BBC News reports that Chinese authorities knew of the S suis cases about a month ago but did not release that information until Jul 25. Local reporters have been banned from visiting areas where cases have occurred, with orders to newspapers to use dispatches from Xinhau, the state news agency, according to an MSNBC story. The Western Pacific office of the World Health Organization (WHO) put the number of cases as of today at 181 with 34 deaths, but New Scientist reported 198 cases with 36 deaths. The disease is concentrated in the Sichuan province in the southwest, but a case was reported Saturday in the southern province of Guangdong, says an Associated Press (AP) story. The lethality of the current cases and the symptom variations have called into question the S suis diagnosis. Robert Dietz of Asia-Pacific WHO is reported to have said that his organization is not convinced. Samson Wong, a microbiologist at the University of Hong Kong, told Reuters, “It could be another disease altogether, it need not be Streptococcus suis because the presentation is so atypical.” Chinese authorities have not allowed any independent analysis of the cases to date. S suis has just been declared by the Chinese government as a notifiable infectious disease, according to the Chinese business newspaper The Standard. The decision was made because of the vast scale of the infection and the high associated mortality. Extensive control measures have been undertaken quickly in China, according to WHO, focusing on accurate identification of infected pigs, educational efforts informing people not to butcher or eat infected swine, and identification and treatment of human cases. Officials in Sichuan claim to have distributed more than 2 million posters to farmers and to have sent 50,000 heath workers and officials to 1.4 million hourseholds to register every pig in the region, according to a United Press International story. Chinese experts have completed genetic sequencing of S suis, a Jul 28 Xinhua story reported. Scientists at the Chinese Center for Disease Control are studying how closely the pig and human bacteria are genetically correlated to investigate how the disease spreads from animals to humans. Eleven cases have been reported in Hong Kong since May 2004, according to MSNBC. Two of them coincide with the Sichuan outbreak, but whether they are related has not been determined. The disease has been identified by the Chinese Ministry of Health as being caused by Streptococcus suis, a bacterium not uncommon in pigs. Human cases have been very rare, however, with mortality rates of less than 10%. Symptoms usually include high fever, vomiting, and hearing loss resulting from inflammation of the brain. Current cases are showing hemorrhaging under the skin, a very rare manifestation; only isolated hearing loss; and a mortality rate of 20%, according to various reports. Aug 1, 2005 (CIDRAP News) – Reports on the mysterious pig-borne disease spreading among humans in China are numerous, with the number of cases closing in on 200 and fatalities standing at 34. Several sources today said the Yongshun pharmaceutical company in Guangdong shipped enough vaccine to Chengdu, capital of the Sichuan province, on Sunday to treat 350,000 pigs. The company claims they will be producing and shipping vaccine for another 10 million pigs shortly, according to a China Daily story today. To acquire immunity, pigs must be given two doses within a 15-day period; protection will last for more than 4 months. China is the largest pork producer in the world, with production concentrated in the Sichuan province. About 80% of China’s pork comes from small backyard farms, according to the Pacific News Service. Most of the current cases have occurred in farmers and butchers who have slaughtered or had contact with infected pigs.
Tallinn, EstoniaThe previous classification of second-pillar funds on the basis of equity risk (25%, 50%, 75% funds) has been abandoned, as it was considered inaccurate. Instead, each management company must determine and publish the risk level of each of its funds.Further new rules are intended to accelerate the current decline in management fees.The maximum basic management fee for second-pillar pension funds has been lowered from 2% to 1.2%. The government estimated that this measure would reduce the average basic management fee to 0.62% this month, from its previous level of 0.96%.However, fund managers will, for the first time, and under certain conditions, be able to charge an additional performance fee, provided that the fund’s performance exceeds the benchmark index – the increase in the social security pension component. The maximum fee allowed is yet to be determined.According to Kristjan Tamla, chairman of the board at Swedbank Investment Funds, Estonian pension funds have been criticised because of the small percentage of portfolios allocated to local investments. Tamla told IPE: “As the Estonian economy and local financial market are very small and shallow, most companies do not raise capital from listed markets, and are instead leaning towards direct borrowing or private equity. The new rules should enable better matching of the corporate sector’s funding needs with pension fund investment limits.”Meanwhile, following parliamentary elections in March this year, Estonia’s new coalition government has been working on a new law to allow individuals to cash in all their pension savings, from the start of 2021.Joel Kukemelk, member of the management board at LHV Asset Management, warned: “While this law has not yet been passed, it is likely to be approved by the end of this year, as long as there are no changes in the current government structure.“This will result in a significantly lower appetite from local pension funds for all low-liquidity investments, where the exit process takes longer than a couple of months.” New investment rules came into force for Estonian second pillar pension funds earlier this month, relaxing some restrictions on riskier investments in order to improve performance and promote investment in local companies. Under the Investment Funds Act, the 75% limit on equity-based assets within portfolios has been removed altogether, except for funds with a conservative risk profile.Conservative funds will now be able to take on some equity risk and make other, previously banned, investments, to the value of 10% of their portfolios. Pension funds may also now make loans of up to 10% of the value of their portfolio. For real estate, the limit for mandatory pension scheme investment in single properties has been increased from 5% to 10% of the portfolio. However, the overall 40% cap on real estate and real estate funds remains for these funds, as does the 70% cap for voluntary third-pillar funds.The limit for investment in derivatives has been raised from 10% to 50% of a fund’s assets, while the limit for unquoted securities also rose to 50%, from 30% previously. This is intended to allow funds to invest more in Estonian companies.Meanwhile, currency restrictions have been lifted, except for conservative funds.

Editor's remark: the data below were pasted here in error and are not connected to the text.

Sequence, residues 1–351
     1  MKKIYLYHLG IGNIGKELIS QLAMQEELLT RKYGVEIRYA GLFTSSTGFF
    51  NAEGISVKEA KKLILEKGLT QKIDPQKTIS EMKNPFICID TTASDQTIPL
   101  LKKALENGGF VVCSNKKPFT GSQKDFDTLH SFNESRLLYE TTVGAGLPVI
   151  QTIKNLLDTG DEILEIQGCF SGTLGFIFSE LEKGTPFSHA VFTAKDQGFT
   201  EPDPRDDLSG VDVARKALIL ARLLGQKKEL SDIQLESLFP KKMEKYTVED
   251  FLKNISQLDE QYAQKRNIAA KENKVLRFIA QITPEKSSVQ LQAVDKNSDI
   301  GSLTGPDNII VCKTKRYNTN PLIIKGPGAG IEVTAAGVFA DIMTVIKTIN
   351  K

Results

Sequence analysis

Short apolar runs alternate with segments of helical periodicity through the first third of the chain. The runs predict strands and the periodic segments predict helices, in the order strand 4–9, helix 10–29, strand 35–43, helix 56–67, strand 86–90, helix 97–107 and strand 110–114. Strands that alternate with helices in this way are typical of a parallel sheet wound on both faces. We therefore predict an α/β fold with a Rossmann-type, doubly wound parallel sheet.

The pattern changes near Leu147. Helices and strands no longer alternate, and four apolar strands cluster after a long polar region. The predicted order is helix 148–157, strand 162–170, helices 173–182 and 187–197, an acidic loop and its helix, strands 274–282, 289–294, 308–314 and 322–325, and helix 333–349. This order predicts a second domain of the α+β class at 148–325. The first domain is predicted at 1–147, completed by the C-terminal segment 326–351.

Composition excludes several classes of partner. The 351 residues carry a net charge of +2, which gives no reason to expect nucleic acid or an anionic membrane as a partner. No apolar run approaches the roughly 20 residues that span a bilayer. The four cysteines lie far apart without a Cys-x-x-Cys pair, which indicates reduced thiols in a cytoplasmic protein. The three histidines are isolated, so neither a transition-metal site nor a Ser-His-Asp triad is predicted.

ALSOBlake Treinen, Dennis Santana, Adam Kolarek and Dylan Floro each pitched to teammates in the Dodgers’ intrasquad game Wednesday night. … Edwin Rios hit a home run to left field against Treinen, accounting for the only run in the game. … Each half-inning ended after three outs or when the pitcher reached his limit for the inning, whichever came first. … Roberts said that pitcher A.J. Ramos threw his first bullpen session, approximately 30 pitches, on Tuesday. He and 2020 draft pick Clayton Beeter were the most recent additions to the Dodgers’ 60-man player pool, which currently has nine vacancies. … The Dodgers placed minor leaguers Zach Reks, Cody Thomas and Edwin Uceta on the 10-day injured list Tuesday. No injury was listed for any of the three players. LOS ANGELES – The Dodgers made approximately $100 million in renovations to Dodger Stadium after the 2019 season ended. The nucleus is a brand-new center field plaza, which required a total teardown of the black backdrop facing home plate.The new backdrop is just as black, but it comes with some quirks. The singular tower of speakers just beyond dead-center is gone, replaced with a pair of towers to the left and right. The videographers’ well is wider. There’s also a pedestrian area behind the speaker towers, part of the new walkway that encircles the stadium.None of this figured to be news on July 7. For several Dodger players, that was the first day they stood in the batter’s box facing the new center field backdrop. They have only a couple weeks to get adjusted before Opening Day.For Max Muncy, the adjustment came with a cost: the first baseman was hit by a pitch on his left hand in the Dodgers’ intrasquad game Tuesday. How Dodgers pitcher Ross Stripling topped the baseball podcast empire “The batter’s eye will no longer be a tarp, and a scaffold, all this kind of crazy concoction of stuff,” Smith said, “but a real structure that’ll have a very clean look, places for cameras to be positioned that don’t wobble, and a bar on top of the batter’s eye that’ll be out of the players’ view, but it’ll be a fabulous place for those of us who have always been envious of what the camera sees to enjoy the game that way too.”What does that mean for the hitters? It’s early, but Muncy’s experience served as a caution.“You don’t want a player to not be able to see, to put him in harm’s way. For Max to say he couldn’t see the ball because of the background, that’s a little unsettling,” said Dodgers manager Dave Roberts.Related Articles Cody Bellinger homer gives Dodgers their first walkoff win of season Fire danger is on Dave Roberts’ mind as Dodgers head to San Francisco Newsroom GuidelinesNews TipsContact UsReport an Error Dodgers’ Max Muncy trying to work his way out of slow start Dodgers hit seven home runs, sweep Colorado Rockies “I couldn’t really see the ball,” Muncy said on a conference call with reporters. “I’m trying to adjust to some of the changes out there. (The ball) came up and in on me and hit me in the finger.”The injury is not considered serious. Muncy said he’ll stop swinging a bat while his finger heals, but he expects to be ready by July 23 for Opening Day against the Giants.As for how the new center field background might have caused him trouble, Muncy said, “I don’t know if I’ll comment too much on that. It’s something I have to get used to. It’s different from what we’re used to. Pitchers are pretty happy about the batter’s eye out there.”Dodger Stadium hasn’t opened its doors to fans in 2020 because of public-gathering restrictions triggered by the novel coronavirus outbreak. The stadium might not host fans at all this year, even if the team reaches the playoffs after the 60-game regular season. Since its completion, the new center field area has gotten relatively few up-close looks.In December, the Dodgers’ senior vice president of planning and development, Janet Marie Smith, described the new features to SportsNet LA.